12. I like what SRoss5 said above about using the sentence for copy work, then dictation. This is a form of studied dictation and is really effective, especially if you sit and discuss concepts with her before she copies and before you dictate. Depending on the length of the sentence, it IS okay to break it up or repeat a portion, especially when she is just beginning dictation as a skill. When she is comfortable with this and doing fairly well, DON'T immediately lengthen the dictation. Instead, tell her to study a short paragraph, noting all punctuation, capitalization, etc. and making note of words whose spelling might trip her up. Train her to be able to do this on her own. Let her study the passage as long as she likes, then read one or two sentences from it as dictation. She doesn't get to know which sentences you are picking beforehand. From here, you can gradually increase length of dictation to a whole paragraph. This takes a lot of time and I would modify whatever curriculum you use as necessary until the skill is acquired. Dictation is a fabulous tool, but it can't be rushed. I also prefer studied to unstudied dictation for anyone not in high school. FWIW, I don't have a problem reading slowly or occasionally repeating a sentence or phrase. I don't think too many kids, in the beginning, at least, can here a whole paragraph once and write it from memory. Ideally, of course, that's how it works, but I say just use your discretion and just keep slowly moving toward that ideal (whether or not you ever get there).
  13. Alpha Phonics is my choice here. I actually do FSR alongside Alpha Phonics. We'll finish FSR long before we finish Alpha Phonics, though, so we'll just keep going with that on it's own until we're through.
  14. Also, Easy Grammar Ultimate Grade 8. It is set up in 180 daily lessons, though.
  15. singaporemath.com is where I order all of my materials from. :) We love the Standards edition here. Math in Focus is singapore math style, but, as I understand it, has a much more scripted home instructor's guide for those wanting a little more hand holding. There was a thread here once upon a time that compared Singapore Math's Primary vs Standards vs Common Core editions. I highly recommend Standards for the reasons the PP listed.
  16. FIAR has an awesome book list that is worth reading through. Like a PP said, I use it in a very simple way. I enjoy reading the same book several times so can really know it and love it. We find places on our map, talk about the LA and Art stuff with an occasional art project thrown in...sometimes we do a science activity, sometimes we discuss something from history. I used vlm 1 and vlm 2 with my eldest and planned and printed lapbooks and all that, but somehow a lot of the more involved projects still never happened. She still loved what we did do - it was her favorite part of school. I am using it in an even simpler way with my current K'er and she loves it, too. I think just being able to read a high quality story more than once is pretty appealing to little kids. We read all kinds of other stuff, too, but the last thing we do every day together is our "story book", with or without an activity. I'd say that if you want it to be a curriculum, instead of a pleasant supplement to your days, you need to be willing to do the messy projects, extended research, rabbit trails, etc. It's a unit study meant to be used that way and while we love reading and talking and even cooking now and then, we don't do enough of the extras to call it a curriculum. First grade could go without a formal curriculum, however. Maybe a light, sometimes-crafty year with your 4 and 6 year old's would be okay.:)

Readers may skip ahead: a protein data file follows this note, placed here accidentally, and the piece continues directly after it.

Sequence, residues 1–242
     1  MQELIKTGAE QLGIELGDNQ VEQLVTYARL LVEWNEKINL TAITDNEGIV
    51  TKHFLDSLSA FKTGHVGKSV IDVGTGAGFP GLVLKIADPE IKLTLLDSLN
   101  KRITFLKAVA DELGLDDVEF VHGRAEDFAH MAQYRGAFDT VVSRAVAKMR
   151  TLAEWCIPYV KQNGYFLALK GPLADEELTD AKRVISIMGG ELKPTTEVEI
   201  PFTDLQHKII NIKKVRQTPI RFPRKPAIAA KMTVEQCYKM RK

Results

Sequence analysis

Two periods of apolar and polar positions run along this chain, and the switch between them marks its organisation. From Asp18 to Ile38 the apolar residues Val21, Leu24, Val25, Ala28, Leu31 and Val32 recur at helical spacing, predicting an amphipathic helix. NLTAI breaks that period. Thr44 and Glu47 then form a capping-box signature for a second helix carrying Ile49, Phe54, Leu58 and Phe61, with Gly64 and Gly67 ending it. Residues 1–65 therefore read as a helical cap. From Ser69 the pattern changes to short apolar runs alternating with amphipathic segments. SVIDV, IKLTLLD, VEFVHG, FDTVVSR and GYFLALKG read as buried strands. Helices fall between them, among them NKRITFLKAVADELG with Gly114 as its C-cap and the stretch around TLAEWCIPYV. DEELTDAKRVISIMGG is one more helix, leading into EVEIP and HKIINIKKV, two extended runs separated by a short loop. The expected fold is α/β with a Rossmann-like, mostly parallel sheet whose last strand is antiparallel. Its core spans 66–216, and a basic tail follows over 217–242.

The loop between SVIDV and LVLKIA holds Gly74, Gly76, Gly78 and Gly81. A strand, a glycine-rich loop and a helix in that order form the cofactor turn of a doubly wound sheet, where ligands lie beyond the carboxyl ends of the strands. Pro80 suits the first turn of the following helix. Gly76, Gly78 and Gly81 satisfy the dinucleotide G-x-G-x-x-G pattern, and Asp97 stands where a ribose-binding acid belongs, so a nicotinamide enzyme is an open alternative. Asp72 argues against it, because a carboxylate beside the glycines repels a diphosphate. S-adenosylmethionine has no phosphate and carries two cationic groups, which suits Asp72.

17. I tried searching the forum, but didn't have much luck. Has anyone used Berean's Science in Ancient Times? Or any others in the series? I am considering using Ancient Times with my going-to-be-9 year old for science this coming year...would it be enough for her? Or is the text too easy? It looks like it would be easily accomplished and that would be a plus for me as we will have a new little one. Any opinions good or bad would be great! Thank you!
  18. My eldest will be in fourth grade and that's not fair... :) Good thing I have a brand new little on the way. Morning Time: covers prayers, songs poetry memorization, memory work from other subjects, Aesop's Fables, reading aloud well (elocution) with McGuffey readers (she hates this, a little...I made her start in reader 1, which is FAR too easy, but she reads aloud too fast and tends to skip words, etc...it's actually really good for her) and a read aloud rotation from either My Book House, Celtic myth and history, or American history. Copy work: daily, from something she's reading. 2nd Language: home made Gaelic Latin: maybe Song School...I haven't decided, but I do want to start this year. Picture Study: portfolios from SCM Art: ARTistic Pursuits, book 1 from the grade 4 to 6 set; also handicrafts (clay, needlework, origami, etc.) I am going to start drawing lessons with all my girls once weekly using Drawing with Children. Grammar: Simply Grammar Part 2, followed by Easy Grammar Daily (what's it called?), either Grade 3 or Grade 4 to review. Music: lessons with me on recorder...I'd like her to start lessons with a different instrument this year. Logic: workbooks and chess Math: Singapore...3B and into 4A, at least Shakespeare: home made, a few plays a year but no definite picks yet Spelling: continue with Apples and Pears, studied dictation Nature study - journal once or twice weekly Composition: written narrations once or twice weekly; Fable and Song from Cottage Press History: A Little History of the World, Stories of Great Americans for Little Americans, selections from 50 Famous Stories (all with little sister); on her own - Memoria Press Timeline Program Biography: Poor Richard Geography: not sure....maybe with little sister, maybe BF course, maybe The Kon Tiki and lots of maps....maybe the Draw Europe and such series.... Nature Lore: The Story Book of Science Science: I think Berean's Science in Ancient Times Literature: Andersen's Fairy Tales, Robin Hood (Pyle), and something else my pregnant brain has forgotten...it's written down somewhere. Plus ballet once weekly for her and once weekly being a helper for her teacher with younger kids. It looks like a lot, but really only takes 2 to 3 hours daily, depending on her attitude. ;)